UNSEEN PASSAGE NO. 9
In November 1918, Dr.Ambedkar joined Sydenham College as a professor of political economics and worked there for two years. With his little savings, some help from the Maharaja of Kolhapur, and with a loan of five thousand rupees from his friend, Naval Bhathena, he left for England in 1920 to complete his studies in Law and Economics.
He resumed his studies at the London School of Economics and kept his terms at Gray‘s Institute of Law. He turned his attention to the London Museum where the relics of the saintly and scientific thoughts are preserved, where the ruins of the antique world are displayed and where Karl Marx, Mazzini, Lenin and Savarkar had dug for knowledge and digested it.
In the Museum, he pored over books from morning till evening. Time was an important factor with him. To save both money and time, he would go without lunch. After this, the second round of reading begins at his residence. The endless reading would go on till early morning. He told his roommate that his poverty and lack of time required him to finish his studies as early as possible.
During these studies in London for his academic eminence, he had not forgotten the real aim in his life. He could not for a minute forget the dumb faces of the untouchables in India. He took up this matter with the Secretary of State for India and also held discussion with Mr. Vithalbhai Patel in London. Neither could he forget the alien political realities of the nation.
In a paper read before the Students Union and also in his famous thesis, ―The Problem of the Rupees‖, he exposed the hollowness of the British policies in India, which caused a stir in the academic world of London and Ambedkar was suspected to be an Indian Revolutionary.
1.Where did Dr.Ambedkar teach?
(A) London School of Economics. (B) Sydenham College
(C) London Museum (D) Gray‘s Institute of Law
2. Dr Ambedkar was a teacher of
(A) Political Economics (B) Law
(C) Literature (D) Political Science
3.Who amongst the following was Dr Ambedkar‘s benefactor?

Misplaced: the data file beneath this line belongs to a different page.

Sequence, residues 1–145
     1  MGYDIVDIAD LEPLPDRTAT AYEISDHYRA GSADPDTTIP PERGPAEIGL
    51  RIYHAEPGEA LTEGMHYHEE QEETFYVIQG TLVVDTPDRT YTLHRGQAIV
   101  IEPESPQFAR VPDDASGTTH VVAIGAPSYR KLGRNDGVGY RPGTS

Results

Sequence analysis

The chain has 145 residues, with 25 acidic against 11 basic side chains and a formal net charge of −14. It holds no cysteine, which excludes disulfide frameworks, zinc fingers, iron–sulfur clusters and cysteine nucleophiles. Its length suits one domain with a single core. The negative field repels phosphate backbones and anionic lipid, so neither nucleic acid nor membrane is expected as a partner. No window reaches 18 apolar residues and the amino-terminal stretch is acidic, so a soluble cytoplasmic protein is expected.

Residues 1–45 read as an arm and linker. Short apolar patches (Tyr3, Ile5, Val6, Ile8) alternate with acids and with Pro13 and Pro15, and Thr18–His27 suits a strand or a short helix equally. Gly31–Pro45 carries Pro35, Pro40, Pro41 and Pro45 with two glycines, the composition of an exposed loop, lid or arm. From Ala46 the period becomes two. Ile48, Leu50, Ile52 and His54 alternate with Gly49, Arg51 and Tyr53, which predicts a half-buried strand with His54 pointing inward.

(A) Raja of Kathiawar (B) Queen of England (C) Raja of Kolhapur (D) Lord Gray
4.Name Dr Ambedkar‘s friend who helped him to go to England.
(A) Nawal kishore (B) Karl Marx (C) Lenin (D) Naval Bhathena.
5.Why did Dr Ambedkar try to finish his studies as early as possible?
(A) Due to illness (B) For lack of resources and time
(C) due to adverse climate (D) Due to nostalgia
6.What was Dr Ambedkar‘s real aim in life?
(A) Upliftment of the downtrodden caste. (B) Upliftment of his family
(C) Academic eminence (D) Successful career as a lawyer.
7.What was the core slogan raised by Dr Ambedkar?
(A) Self-awareness amongst the oppressed. (B) Open revolt
(C)Pacification of the untouchables. (D) Revolt of the oppressors
8.Where did Dr Ambedkar spend most of his time in London?
(A) Courtrooms (B) India House (C) Royal House (D) London Museum
9.How many years did Dr Ambedkar expose in his thesis?
(A) 1 year (B) 2 years (C) 3 years (D) 4 years
10.What did Dr Ambedkar expose in his thesis?
(A) Marginality of the rulers
(B) Infallibility of the British Rule
(C) Universal laws of brotherhood
(D) Hollowness of the English policies in India.
UNSEEN PASSAGE NO. 10
Although speech is the most advanced form of communication, there are many ways of communicating without using speech. Signals, signs, symbols and gestures may be found in every known culture. The basic function of a signal is to impinge upon the environment in such a way that it attracts attention, as for example, the dots and dashes of a telegraph circuit.
Coded to refer to speech, the potential for communication is very great. Less adaptable to the codification of words, signs also contain meaning in and of themselves. A stop sign, for example, conveys meaning quickly and conveniently. Symbols are more difficult to describe than either signals or signs because of their intricate relationship with the receiver‘s cultural perceptions.
In some cultures, applauding in a theatre provides performers with an auditory symbol of approval. Gestures such as waving and handshaking also communicate certain cultural messages. Although signals, signs, symbols and gestures are very useful, they do have a major disadvantage. They usually do not allow ideas to be shared without the sender being directly adjacent to the receiver.
As a result, means of communication intended to be used for long distances and extended periods are based upon speech. Radio, television and the telephone are only a few of such means.
.According to the passage, what is a signal?
(A) A form of communication used across long distances.
(B) The cultural perception of communication.
(C) A type of communication that interrupts the environment.
(D) A complicated form of communication to describe.
2. Choose the correct statement:
(A) Speech is the most advanced form of communication.
(B) Speech is the real form of communication.
(C) Speech is the basis for communication to occur.
(D) Speech is dependent upon the advances made by inventors.
3. Choose the most appropriate title for the passage.
(A) Signs and signals. (B) Gestural communication
(C) Speech variations (D) Means of communication
4.Why were the telephone radio and TV invented?
(A) To provide new forms of entertainment.
(B) It was believed that signs, signals and symbols were obsolete.
(C) It was difficult to understand symbols.
(D) People wanted to communicate across long distances.
5. This passage explains that _____
(A) Symbols are the easiest to interpret.
(B) Signals, signs, symbols and gestures are forms of communication.
(C)Significance of waving and handshaking is different in different cultures.
(D) Different cultures have different signs and symbols.